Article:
Every manufacturing facility wants its production systems and equipment to operate and be operated in a reliable manner. When that equipment does what it needs to do when it needs to do it, it maximizes plant output and profitability. No organization wants its production systems or processes to break down, to produce poor quality products, or to operate inefficiently. We want and expect them to operate perfectly.
Unfortunately, we don’t live in an ideal world. No physical asset operates flawlessly forever. In most organizations, breakdowns are the norm. So is reduced quality and lost productivity.
Scheduled shipments are too often made much too late.
Because the majority of deficiencies manifest themselves as equipment-related problems - breakdowns or maintenance-related corrective actions – inadequate maintenance is too often blamed for all the problems that plague a plant, facility or corporation. In truth, all functional groups share responsibility for these problems.
American industry has lost its competitive edge. It’s no longer the principal source of high-quality, low-cost products that were in such great demand following World War II. In the international market of the 1990s, offshore competitors have usurped America's role as the leader in both manufacturing technology and production capacity. As a result, America was ranked no better than fifth as a manufacturing power in the mid-1990s. Not only have we lost our majority share of the international market, but offshore competitors now claim a substantial percentage of our domestic market. Non-American companies now control what were traditionally American industries, such as steel, automotive, electronics and textiles.
The net result of this marked increase in offshore competition is a serious reduction in the worldwide demand for U.S. manufactured goods. This reversal in our domestic market has already reached a point where it’s impossible to purchase any consumer good that is totally American-made. To regain its place in the world market, American industry must make some changes.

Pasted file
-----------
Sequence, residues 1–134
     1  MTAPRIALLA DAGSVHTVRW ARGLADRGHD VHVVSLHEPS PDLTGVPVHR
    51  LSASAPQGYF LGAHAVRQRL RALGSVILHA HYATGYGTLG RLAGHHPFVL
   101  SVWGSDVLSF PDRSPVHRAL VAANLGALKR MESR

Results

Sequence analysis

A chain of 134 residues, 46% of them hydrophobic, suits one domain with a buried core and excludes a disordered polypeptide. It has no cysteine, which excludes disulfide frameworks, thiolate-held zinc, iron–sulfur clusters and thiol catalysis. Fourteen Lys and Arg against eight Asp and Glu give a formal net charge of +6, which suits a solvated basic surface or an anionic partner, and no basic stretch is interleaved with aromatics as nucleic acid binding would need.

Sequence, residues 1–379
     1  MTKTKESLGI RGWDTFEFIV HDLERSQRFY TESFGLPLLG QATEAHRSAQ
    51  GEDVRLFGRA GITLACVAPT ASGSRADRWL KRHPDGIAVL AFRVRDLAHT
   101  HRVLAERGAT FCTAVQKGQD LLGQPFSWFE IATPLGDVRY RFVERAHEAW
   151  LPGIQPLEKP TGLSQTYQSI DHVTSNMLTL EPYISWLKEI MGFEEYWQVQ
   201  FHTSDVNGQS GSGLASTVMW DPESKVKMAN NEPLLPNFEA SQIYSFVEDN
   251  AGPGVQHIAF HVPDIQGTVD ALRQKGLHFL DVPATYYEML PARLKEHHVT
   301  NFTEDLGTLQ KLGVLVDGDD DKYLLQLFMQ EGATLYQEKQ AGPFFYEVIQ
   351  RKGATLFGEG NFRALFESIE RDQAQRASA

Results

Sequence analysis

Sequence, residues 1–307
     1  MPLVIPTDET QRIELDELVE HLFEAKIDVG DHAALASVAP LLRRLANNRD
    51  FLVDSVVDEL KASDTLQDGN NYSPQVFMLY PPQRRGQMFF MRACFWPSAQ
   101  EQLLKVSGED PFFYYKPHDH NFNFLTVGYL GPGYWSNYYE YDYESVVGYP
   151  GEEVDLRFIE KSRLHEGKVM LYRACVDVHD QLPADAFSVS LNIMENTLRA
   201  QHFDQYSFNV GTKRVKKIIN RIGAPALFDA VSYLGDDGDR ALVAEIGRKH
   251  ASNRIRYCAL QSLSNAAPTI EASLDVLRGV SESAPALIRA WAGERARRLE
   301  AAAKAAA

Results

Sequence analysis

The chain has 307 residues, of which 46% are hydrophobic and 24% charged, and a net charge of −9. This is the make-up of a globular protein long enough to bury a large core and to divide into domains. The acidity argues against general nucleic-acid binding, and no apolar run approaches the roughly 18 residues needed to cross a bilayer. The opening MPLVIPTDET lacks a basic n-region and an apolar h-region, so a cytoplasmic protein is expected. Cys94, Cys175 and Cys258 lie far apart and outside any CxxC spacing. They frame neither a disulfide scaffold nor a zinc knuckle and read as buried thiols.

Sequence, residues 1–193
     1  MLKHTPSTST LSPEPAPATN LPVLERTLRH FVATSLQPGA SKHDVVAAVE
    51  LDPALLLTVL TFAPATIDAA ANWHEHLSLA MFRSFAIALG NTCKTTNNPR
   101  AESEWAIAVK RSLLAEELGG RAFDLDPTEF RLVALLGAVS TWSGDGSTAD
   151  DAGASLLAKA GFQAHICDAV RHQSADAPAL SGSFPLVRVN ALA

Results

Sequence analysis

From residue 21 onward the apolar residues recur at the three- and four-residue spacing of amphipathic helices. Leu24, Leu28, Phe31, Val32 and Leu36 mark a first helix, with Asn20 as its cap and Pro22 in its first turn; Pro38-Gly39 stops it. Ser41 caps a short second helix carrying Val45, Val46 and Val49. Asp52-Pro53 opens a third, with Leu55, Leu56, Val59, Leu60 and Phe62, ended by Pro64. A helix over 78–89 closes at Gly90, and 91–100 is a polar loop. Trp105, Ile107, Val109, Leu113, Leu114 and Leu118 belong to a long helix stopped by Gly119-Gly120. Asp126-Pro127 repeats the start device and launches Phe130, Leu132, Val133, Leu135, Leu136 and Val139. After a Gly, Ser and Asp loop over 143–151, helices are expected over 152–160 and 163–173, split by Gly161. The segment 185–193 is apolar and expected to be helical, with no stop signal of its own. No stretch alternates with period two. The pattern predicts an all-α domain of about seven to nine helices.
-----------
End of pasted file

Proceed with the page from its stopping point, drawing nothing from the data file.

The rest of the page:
Focus on effective production: Reverse the current management mode and put production ahead of finance and monetary manipulation. Managers who don’t really understand production will lose the competitive battle to managers who know their business intimately.
Cultivate a new economic citizenship: The workforce is the only means to improvement. Develop a new workforce that is involved, educated, responsible and rewarded. Given a fighting chance, they will maximize productivity.
Restructure organizational hierarchies: Aim for fewer job categories to promote the most productive blend of individualism and cooperation. Eliminate adversarial relationships, such as the tradition relationship between maintenance and production.
Learn to live in the world economy: Learn other languages, cultures and technologies. Protectionism only invites retaliation, but the U.S. also must insist that our goods be treated abroad as fairly as imported goods are treated here.
Provide for the future: Invest in education and save for productive investment. Americans must be provided with an education that is fundamentally different from what is available today. Only a tiny fraction of young Americans are technologically literate and have some knowledge of foreign societies. Unless we remedy these inadequacies, we’ll make no real progress.
If your plant could more consistently produce quality products at competitive prices, it could overcome most, if not all, of the factors that limit your market share. Unfortunately, too many plant professionals think that simple changes in organization structure or implementing one or more of the Japanese management concepts, such as Total Productive Maintenance or Total Quality Control, will provide a quick fix and reverse their position. Unfortunately, the answer isn’t that simple. Our problems are deep-rooted and can’t be resolved by simple means. To reverse the downward spiral that’s destroying our standard of living, we must eliminate the inherent problems that have evolved within our society, government, and corporations during the past 50 years.
E-mail Contributing Editor R. Keith Mobley, CMRP, principal consultant at Life Cycle Engineering, at email@example.com.